2. You know *exactly* what you are doing. If you lose power doing a bios upgrade, or flash the wrong bios image, your laptop is a very expensive brick.
golfing in the kitchen
17, there are actually safeguards in place for that. A laptop will not let you flash wrong image. Also, there is the battery in case of power failure, and many laptops backup the old bios, which you can restore with a key combination if you somehow corrupt the bios.
I got a Lenovo IdeaPad Y510P back in 2014. It was big, heavy, prone to getting hot if I used it hard for a long time, had about four hours of battery life, and is still working to this day. It's banged up, it's literally falling apart, but it still goes. It also had excellent speakers. It wasn't fun to transport, but it was a solid laptop. Nice key depth, too.
In November of 2017 I got hold of an HP notebook of some kind (I misremember the exact specs right now, but I kitted it out pretty nicely). This thing goes for about nine hours if the lid is closed (so it's great for music or audio and whatnot), and about six hours with the lid up. Its keyboard is absolute trash (I've had to replace it twice, and may need a third replacement eventually, but for now I'm using a cheap external keyboard that does the job) and its speakers are fairly tinny...serviceable, but not great. But it's seriously fast (boots in about eleven seconds), is very quiet, is extremely light (I can just tuck it under an arm and go) and its build quality, apart from the keyboard, is quite good. I shove it in a backpack pretty much daily, and there's still no sign of wiggle on the lid or anything like that.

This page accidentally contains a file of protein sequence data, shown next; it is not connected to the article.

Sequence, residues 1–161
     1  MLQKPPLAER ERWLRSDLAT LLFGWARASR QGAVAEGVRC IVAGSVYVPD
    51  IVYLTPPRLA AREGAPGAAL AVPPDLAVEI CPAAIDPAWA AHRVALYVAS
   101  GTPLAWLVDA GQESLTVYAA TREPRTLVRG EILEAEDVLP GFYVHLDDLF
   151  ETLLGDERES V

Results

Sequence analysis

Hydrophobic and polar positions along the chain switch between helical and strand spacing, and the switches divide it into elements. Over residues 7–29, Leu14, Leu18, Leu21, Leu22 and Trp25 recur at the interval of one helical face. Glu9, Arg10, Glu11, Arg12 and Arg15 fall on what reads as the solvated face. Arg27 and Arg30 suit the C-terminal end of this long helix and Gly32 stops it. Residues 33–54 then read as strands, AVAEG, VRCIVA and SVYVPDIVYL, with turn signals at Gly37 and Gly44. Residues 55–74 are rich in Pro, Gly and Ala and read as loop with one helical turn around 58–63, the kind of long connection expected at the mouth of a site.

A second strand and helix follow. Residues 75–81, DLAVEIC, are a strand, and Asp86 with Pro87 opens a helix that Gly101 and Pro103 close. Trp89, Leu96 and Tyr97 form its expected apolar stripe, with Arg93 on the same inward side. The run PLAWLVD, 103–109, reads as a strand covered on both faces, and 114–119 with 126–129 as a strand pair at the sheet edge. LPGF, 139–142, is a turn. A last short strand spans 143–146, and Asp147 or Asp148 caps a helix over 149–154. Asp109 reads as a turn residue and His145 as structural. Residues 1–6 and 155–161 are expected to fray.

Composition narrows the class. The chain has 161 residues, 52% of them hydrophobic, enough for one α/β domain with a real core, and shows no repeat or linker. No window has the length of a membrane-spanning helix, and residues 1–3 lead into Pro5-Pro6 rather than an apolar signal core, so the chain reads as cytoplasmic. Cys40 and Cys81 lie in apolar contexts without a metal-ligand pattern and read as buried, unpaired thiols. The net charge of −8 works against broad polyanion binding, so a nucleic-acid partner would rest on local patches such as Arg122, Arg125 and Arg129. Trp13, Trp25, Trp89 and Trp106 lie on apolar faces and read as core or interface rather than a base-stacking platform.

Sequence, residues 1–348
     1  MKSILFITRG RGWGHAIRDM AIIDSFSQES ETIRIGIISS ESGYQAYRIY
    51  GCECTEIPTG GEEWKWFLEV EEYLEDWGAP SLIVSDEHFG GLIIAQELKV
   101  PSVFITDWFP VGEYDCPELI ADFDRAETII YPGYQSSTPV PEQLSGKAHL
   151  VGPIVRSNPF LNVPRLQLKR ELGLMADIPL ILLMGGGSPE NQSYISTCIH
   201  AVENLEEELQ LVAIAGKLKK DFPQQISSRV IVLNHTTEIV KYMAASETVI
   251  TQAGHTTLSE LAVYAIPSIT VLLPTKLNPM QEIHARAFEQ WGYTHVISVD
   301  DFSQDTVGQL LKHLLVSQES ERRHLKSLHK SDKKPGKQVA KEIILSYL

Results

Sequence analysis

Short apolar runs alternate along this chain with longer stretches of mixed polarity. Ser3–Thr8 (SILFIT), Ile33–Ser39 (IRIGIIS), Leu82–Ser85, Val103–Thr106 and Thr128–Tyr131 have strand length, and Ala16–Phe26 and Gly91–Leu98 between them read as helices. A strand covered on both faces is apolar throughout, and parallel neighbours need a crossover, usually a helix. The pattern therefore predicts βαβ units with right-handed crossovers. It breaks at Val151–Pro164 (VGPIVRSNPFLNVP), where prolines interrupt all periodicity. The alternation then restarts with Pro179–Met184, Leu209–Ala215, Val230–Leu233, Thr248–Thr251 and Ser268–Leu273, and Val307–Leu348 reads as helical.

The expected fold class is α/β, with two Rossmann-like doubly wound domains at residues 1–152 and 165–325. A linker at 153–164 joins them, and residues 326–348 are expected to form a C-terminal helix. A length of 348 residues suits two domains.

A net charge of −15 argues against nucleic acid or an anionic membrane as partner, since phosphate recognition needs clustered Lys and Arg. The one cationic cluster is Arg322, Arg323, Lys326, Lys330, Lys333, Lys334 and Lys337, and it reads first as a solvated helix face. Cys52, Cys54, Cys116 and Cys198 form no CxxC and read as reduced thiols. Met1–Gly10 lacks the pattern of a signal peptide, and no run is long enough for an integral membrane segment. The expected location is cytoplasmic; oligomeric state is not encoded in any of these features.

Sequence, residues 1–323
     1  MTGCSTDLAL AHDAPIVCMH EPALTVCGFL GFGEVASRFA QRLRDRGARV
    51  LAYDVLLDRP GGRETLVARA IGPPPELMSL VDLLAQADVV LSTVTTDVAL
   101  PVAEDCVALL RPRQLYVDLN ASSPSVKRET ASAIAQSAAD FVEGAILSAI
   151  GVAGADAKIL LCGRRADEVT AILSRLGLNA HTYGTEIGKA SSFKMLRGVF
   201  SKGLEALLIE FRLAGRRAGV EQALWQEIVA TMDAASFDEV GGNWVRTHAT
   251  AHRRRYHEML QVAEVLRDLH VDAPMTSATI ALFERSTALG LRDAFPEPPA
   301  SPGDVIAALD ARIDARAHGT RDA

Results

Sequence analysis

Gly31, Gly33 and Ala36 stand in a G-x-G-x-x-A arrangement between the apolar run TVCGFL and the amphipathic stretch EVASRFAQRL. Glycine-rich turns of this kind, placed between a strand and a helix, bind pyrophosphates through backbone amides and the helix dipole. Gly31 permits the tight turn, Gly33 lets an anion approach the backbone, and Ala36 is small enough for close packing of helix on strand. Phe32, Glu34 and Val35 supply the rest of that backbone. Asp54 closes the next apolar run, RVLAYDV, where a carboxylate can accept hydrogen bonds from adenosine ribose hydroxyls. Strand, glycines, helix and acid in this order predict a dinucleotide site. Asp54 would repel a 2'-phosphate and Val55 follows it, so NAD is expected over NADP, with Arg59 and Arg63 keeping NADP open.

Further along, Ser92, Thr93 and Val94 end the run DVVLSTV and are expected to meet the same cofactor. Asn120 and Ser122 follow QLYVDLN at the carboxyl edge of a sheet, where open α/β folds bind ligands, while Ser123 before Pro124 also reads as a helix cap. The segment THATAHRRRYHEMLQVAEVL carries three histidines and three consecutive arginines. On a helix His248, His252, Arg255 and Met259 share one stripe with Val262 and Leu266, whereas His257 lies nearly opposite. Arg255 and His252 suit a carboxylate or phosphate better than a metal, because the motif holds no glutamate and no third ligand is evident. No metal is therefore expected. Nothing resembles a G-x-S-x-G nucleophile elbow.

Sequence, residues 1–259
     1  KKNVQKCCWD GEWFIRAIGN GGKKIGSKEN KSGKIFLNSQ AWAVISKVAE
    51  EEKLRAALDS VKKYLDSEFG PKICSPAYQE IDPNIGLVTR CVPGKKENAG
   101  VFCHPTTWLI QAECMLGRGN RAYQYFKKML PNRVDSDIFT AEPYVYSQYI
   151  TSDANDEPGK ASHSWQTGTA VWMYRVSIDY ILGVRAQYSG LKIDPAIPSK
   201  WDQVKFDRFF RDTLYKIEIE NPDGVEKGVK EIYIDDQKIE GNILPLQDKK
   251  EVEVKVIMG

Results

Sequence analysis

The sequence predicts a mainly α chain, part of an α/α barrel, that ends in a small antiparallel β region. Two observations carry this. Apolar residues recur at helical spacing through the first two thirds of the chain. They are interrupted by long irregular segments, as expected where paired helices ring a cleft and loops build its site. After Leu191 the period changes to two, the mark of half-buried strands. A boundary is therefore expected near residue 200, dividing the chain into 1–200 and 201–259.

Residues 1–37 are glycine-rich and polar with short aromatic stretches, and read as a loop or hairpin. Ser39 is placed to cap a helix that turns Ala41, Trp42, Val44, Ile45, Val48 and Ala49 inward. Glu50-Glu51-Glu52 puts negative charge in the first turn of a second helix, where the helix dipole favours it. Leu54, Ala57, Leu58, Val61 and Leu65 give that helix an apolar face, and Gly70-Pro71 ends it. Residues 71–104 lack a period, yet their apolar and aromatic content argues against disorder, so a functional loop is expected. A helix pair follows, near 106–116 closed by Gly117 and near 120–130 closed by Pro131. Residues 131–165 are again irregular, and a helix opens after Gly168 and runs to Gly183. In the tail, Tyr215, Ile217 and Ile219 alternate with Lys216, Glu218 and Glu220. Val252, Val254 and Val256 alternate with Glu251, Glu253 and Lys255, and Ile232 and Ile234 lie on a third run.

So I can't make any recommendations, but I like my HP with the external keyboard, personally. The Lenovo had its upsides though. I've always wanted to play with one of those Dell machines, though.
https://www.dropbox.com/s/z8ls3rc3f4mkb … n.txt?dl=1